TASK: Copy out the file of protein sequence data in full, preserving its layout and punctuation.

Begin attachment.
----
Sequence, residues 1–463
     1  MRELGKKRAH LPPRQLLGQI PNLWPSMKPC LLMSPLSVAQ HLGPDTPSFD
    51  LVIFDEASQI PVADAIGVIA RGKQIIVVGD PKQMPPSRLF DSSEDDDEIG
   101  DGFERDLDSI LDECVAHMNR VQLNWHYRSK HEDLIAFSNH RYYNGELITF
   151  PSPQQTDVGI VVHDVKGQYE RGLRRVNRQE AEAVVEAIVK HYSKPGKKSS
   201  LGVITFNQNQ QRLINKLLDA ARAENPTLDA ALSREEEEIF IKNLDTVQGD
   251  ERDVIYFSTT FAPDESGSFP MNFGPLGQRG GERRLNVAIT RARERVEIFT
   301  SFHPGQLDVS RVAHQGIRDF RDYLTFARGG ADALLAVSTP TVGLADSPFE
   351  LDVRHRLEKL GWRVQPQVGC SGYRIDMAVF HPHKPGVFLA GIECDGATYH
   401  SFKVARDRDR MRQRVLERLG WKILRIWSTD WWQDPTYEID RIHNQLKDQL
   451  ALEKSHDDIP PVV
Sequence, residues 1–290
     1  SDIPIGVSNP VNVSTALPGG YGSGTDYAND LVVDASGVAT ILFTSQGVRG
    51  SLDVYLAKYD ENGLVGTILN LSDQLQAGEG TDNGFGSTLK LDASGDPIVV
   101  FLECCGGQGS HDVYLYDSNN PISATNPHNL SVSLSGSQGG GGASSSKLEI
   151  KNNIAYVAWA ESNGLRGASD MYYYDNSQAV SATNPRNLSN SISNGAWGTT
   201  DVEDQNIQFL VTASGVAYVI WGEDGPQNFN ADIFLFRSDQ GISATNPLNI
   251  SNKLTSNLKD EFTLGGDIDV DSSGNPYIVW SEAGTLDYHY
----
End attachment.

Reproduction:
Sequence, residues 1–463
     1  MRELGKKRAH LPPRQLLGQI PNLWPSMKPC LLMSPLSVAQ HLGPDTPSFD
    51  LVIFDEASQI PVADAIGVIA RGKQIIVVGD PKQMPPSRLF DSSEDDDEIG
   101  DGFERDLDSI LDECVAHMNR VQLNWHYRSK HEDLIAFSNH RYYNGELITF
   151  PSPQQTDVGI VVHDVKGQYE RGLRRVNRQE AEAVVEAIVK HYSKPGKKSS
   201  LGVITFNQNQ QRLINKLLDA ARAENPTLDA ALSREEEEIF IKNLDTVQGD
   251  ERDVIYFSTT FAPDESGSFP MNFGPLGQRG GERRLNVAIT RARERVEIFT
   301  SFHPGQLDVS RVAHQGIRDF RDYLTFARGG ADALLAVSTP TVGLADSPFE
   351  LDVRHRLEKL GWRVQPQVGC SGYRIDMAVF HPHKPGVFLA GIECDGATYH
   401  SFKVARDRDR MRQRVLERLG WKILRIWSTD WWQDPTYEID RIHNQLKDQL
   451  ALEKSHDDIP PVV
Sequence, residues 1–290
     1  SDIPIGVSNP VNVSTALPGG YGSGTDYAND LVVDASGVAT ILFTSQGVRG
    51  SLDVYLAKYD ENGLVGTILN LSDQLQAGEG TDNGFGSTLK LDASGDPIVV
   101  FLECCGGQGS HDVYLYDSNN PISATNPHNL SVSLSGSQGG GGASSSKLEI
   151  KNNIAYVAWA ESNGLRGASD MYYYDNSQAV SATNPRNLSN SISNGAWGTT
   201  DVEDQNIQFL VTASGVAYVI WGEDGPQNFN ADIFLFRSDQ GISATNPLNI
   251  SNKLTSNLKD EFTLGGDIDV DSSGNPYIVW SEAGTLDYHY